Letter writer should exercise her right to vote
To the editor:
In the May 20 edition, Victoria Ross raised issues with Neil Parrott’s petition to put the issue of gay marriage on the ballot. She points to the separation of church and state as one of the most essential elements of being an American. So is our right to vote.
The Constitution reads, “Congress shall make no law respecting an establishment of religion, or prohibiting the free exercise thereof ...” What religion is being established in Mr. Parrott’s petition? The term “separation of church and state” is often used in arguing points such as Ross’. If she is against religion-based thinking, which is protected in “separation of church and state,” we could get rid of most of the laws. Did “thou shalt not steal” play any basis for exiting laws that address theft? How about “thou shalt not kill?”
I stand by Ross’ desire to see the separation of church and state, but I strongly disagree with her premise that we can take a stand on social issues without being influenced by our own views, whatever the basis of those views. Nor do I think we should.
Ross has every right to be disappointed in the mailing that she received from Parrott, and she has every right to be for the passage of gay marriage. If the issue does make it to the November ballot, I hope she casts her vote as she sees fit. I hope all Maryland voters do.
Recall the drive for Washington County home rule. One of the reasons it went down to defeat was the exclusion of many important issues from voter petition. When an item goes to the ballot for all voters, the issue’s final state is based on real democracy, not the representative democracy that we enjoy on most other issues.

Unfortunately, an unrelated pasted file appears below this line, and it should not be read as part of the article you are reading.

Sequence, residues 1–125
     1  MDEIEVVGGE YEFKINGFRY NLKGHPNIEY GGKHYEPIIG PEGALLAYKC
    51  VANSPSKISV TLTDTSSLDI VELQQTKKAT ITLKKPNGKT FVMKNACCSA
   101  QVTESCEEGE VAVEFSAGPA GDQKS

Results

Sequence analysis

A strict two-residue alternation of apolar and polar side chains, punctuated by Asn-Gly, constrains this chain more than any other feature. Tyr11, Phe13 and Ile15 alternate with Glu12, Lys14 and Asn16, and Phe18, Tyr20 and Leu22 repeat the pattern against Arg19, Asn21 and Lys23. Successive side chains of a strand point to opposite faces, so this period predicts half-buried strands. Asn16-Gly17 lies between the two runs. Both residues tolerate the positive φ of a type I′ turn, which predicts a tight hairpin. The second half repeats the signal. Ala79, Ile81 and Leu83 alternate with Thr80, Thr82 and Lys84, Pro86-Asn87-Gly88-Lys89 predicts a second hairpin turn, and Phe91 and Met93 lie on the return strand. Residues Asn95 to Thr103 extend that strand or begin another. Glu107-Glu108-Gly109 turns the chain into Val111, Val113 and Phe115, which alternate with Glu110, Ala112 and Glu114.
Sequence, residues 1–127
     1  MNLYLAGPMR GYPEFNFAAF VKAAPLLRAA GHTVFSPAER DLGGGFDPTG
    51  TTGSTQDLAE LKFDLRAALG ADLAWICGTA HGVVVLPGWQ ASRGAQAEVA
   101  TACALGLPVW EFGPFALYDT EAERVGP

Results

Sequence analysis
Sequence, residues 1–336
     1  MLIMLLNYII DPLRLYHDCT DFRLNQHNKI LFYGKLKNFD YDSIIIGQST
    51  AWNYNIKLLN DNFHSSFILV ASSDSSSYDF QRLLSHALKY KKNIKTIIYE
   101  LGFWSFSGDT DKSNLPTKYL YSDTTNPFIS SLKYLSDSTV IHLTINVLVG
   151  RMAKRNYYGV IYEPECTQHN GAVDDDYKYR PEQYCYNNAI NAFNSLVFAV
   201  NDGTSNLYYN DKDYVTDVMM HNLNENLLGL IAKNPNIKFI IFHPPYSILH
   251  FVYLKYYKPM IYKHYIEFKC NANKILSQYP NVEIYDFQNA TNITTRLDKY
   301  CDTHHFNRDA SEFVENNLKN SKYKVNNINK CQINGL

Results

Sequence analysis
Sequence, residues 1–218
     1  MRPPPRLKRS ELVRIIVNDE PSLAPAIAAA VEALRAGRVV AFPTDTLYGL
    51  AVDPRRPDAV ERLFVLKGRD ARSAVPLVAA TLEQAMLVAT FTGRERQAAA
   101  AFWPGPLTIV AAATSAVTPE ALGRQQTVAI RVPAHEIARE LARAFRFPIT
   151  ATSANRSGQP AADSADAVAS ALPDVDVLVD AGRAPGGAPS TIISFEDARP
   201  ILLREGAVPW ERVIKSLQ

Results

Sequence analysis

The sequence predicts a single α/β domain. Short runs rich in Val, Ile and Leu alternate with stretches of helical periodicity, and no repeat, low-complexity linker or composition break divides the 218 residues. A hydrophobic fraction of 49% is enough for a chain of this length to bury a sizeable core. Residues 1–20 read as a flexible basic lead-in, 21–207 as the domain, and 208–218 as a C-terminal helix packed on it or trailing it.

I hope she stands by our right as Maryland voters to put any issue to a public vote and the “or prohibiting the free exercise thereof” statement in the Constitution.
Being lukewarm could cost us our freedom
To the editor:
How many times do we return to the microwave or heat something back up in the oven because our food wasn’t warm enough? That tepid temperature when you are ready for a hot meal can be so irritating. Lukewarm in other areas of our lives can cause far more concern, though.
A lukewarm soldier going into battle might not have studied his enemy well enough or practiced until becoming proficient with his weapons. Lukewarm in war means your enemy has the advantage over you, because your weakness is having a half-hearted, detached or unconcerned attitude. This not only can jeopardize the safety and the mission of the soldier, but his whole unit’s survival as well. Lukewarm in spiritual warfare is no different.
Christians in America can no longer afford to be passive or lukewarm. In John 8:44, Jesus Christ proclaimed how we have a very real and present enemy. In the sixth chapter of Ephesians, the Bible says we are to take up the spiritual weapons of warfare and put on the “full armor of God.” Paul further stated, “Pray that I may declare it fearlessly, as I should.”
Revelation 3:16 is a message to the Laodicean Church and Christ could well be addressing many of our modern churches. He says, “So because you are lukewarm, and neither hot nor cold, I will spit you out of my mouth.”
If our being lukewarm costs us our freedom to continue to openly worship God in America, then we did not give the next generation that for which our founding fathers fought and died. We cannot afford to be lukewarm in our churches, our prayers or in our voting. Wake up America, not by tempering the Gospel or with bad temperament towards others, but change our temperature from being lukewarm to hot when it comes to our rights and our freedom as Christians in the United States of America.